A case in point is the far-flung north-west Mumbai suburb; we found that a corporate call centre complex constructed on a dumping patch, is now facing severe pollution of toxic gases. So the problem is not just at the end, but through the entire social dysfunctional chain, beginning from consumption and ending at disposal. And urban areas are the worst affected by this ‘garbage syndrome’.

Is the garbage syndrome a recent phenomenon? And why is it found more in urban areas?
Several factors have led to the growth of the garbage syndrome. One of the key factors lies in the haphazard developmental policies that are being shoved onto the people of this country, resulting in massive ‘internal diaspora’, which means an increase in population density. And then add to this…the consumerist ideology saturating the very urban air…nobody realises or even bothers to take into cognisance the changed life style of urban dwellers.

The cancerous development of garbage has its social roots in the consumerist life style, where concepts of saving, reusing and alteration have been replaced by the ideology of use and throw of goods that are mass produced. Coupled with this is the move to allow predatory nations from the West to dump their hazardous and toxic effluents producing industries here.

Going by the researches, your conclusions indicate a very dark dystopian future for city dwellers. So what kind of future do you envisage?
Nobody wants to talk about the dark matter waiting to explode. The present urban populace is touching 300 million in 5,000 odd town and cities, and the demographic projection is that by 2021, the urban population will be around 551 million. Concomitant with population explosion is the projection that the per capita waste generation will increase by 1.3 per cent per annum, with an overall increase of 5 per cent annually.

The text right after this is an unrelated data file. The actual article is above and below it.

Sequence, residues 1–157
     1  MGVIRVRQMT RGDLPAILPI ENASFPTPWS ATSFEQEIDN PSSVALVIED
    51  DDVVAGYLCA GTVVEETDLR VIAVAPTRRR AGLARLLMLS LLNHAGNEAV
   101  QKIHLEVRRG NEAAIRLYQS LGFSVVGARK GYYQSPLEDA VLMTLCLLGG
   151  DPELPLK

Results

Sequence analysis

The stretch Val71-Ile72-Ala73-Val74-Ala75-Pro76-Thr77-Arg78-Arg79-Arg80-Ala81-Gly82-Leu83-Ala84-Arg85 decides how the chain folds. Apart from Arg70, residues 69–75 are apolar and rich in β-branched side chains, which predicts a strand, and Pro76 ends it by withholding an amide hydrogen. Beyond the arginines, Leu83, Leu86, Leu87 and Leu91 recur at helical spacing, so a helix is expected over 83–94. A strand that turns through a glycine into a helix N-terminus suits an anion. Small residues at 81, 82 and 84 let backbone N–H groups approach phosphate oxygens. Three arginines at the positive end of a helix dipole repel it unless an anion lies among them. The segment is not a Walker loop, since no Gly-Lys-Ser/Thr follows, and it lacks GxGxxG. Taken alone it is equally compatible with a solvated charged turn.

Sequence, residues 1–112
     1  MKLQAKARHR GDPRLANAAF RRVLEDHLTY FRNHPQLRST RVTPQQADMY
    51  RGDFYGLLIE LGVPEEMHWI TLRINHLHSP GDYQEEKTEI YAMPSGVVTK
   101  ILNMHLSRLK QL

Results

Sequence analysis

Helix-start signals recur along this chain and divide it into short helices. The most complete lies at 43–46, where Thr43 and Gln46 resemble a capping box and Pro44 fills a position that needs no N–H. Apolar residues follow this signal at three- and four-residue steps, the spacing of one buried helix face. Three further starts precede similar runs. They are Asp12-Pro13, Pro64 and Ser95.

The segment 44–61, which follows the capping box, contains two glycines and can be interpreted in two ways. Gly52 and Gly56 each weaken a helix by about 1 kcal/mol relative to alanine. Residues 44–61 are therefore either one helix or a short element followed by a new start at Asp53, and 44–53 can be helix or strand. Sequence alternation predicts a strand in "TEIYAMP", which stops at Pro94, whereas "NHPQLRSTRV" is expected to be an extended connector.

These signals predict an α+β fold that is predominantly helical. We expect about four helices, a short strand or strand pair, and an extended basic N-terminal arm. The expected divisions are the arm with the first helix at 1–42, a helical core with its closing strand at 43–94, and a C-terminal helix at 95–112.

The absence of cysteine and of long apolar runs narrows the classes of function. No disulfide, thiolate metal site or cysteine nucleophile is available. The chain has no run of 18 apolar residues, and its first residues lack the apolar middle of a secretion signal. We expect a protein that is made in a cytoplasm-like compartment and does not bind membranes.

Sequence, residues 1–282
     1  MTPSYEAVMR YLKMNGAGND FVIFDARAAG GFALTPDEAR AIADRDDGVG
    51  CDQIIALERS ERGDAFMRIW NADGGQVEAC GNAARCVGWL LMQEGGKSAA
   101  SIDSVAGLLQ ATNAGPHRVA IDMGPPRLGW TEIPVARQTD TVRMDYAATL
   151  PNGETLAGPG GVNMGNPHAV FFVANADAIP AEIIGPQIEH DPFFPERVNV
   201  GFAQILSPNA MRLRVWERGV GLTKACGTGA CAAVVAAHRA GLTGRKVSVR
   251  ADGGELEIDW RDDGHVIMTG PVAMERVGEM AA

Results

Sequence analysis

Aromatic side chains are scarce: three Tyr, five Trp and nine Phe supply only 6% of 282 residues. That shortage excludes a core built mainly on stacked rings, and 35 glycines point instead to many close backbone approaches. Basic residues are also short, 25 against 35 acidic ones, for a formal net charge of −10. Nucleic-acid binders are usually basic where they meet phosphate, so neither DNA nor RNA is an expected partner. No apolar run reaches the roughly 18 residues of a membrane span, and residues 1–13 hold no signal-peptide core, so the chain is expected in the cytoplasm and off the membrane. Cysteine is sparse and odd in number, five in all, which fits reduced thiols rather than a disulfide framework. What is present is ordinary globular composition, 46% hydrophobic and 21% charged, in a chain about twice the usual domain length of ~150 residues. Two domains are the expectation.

Now, take Mumbai for example. It is one of the international mega cities…and the city produces 500 grammes to one kilo of garbage per individual per day…every day the civic body disposes around 8,500 tonnes of household garbage. Apart from this, it has to tackle 2,500 tonnes of debris, 530 tonnes of e-waste with its 30,000 strong force, of which 10,000 are daily wage workers. And here let me remind that these figures do not include industrial waste.

Then you also have around one lakh rag-pickers who usually pick up recyclable garbage, which is reported to be having around ` 900 million annual turnover.

So the issue is multi-dimensional?
Certainly the problem is not simplistic. And it would not get sorted out by resorting to simplistic solutions like buying some mechanical contraptions or doling it out to some private firms and then bask in a feeling that ‘all is well.’

But what about the garbage management schemes touted by business houses?
As I said earlier, most of the schemes smack of blind-folded approach. And just look at the kind of solutions business houses have come up with. Privatisation of civic services, imposition of waste management tax, conservancy tax, toll tax (tah bazaari) penalty against littering, bulk garbage collection charge, buy back recycled product charge etc.

Across the world these myopic approaches have shown negative results. Of course for business houses these methods add to their profit kitties, irrespective of the fact that their methods have an adverse impact on indigenous communities. Let me cite an example. The much lauded disposal methods touted by corporates involve dumping garbage into the sea. This disposal has already resulted in more havoc because ‘garbage patches’ have come up in seas…affecting the marine life and the livelihood of fishing communities.

But there must be some way to untangle or cut through this Gordian knot?
As of now there is no foolproof method. Not just in India, but across the world. Due to lack of understanding of the system, one sees everybody jumping the gun and putting the onus on civic authorities…but whether it is civic bodies or private companies, the disease will not go away and the symptoms will keep on manifesting in different forms.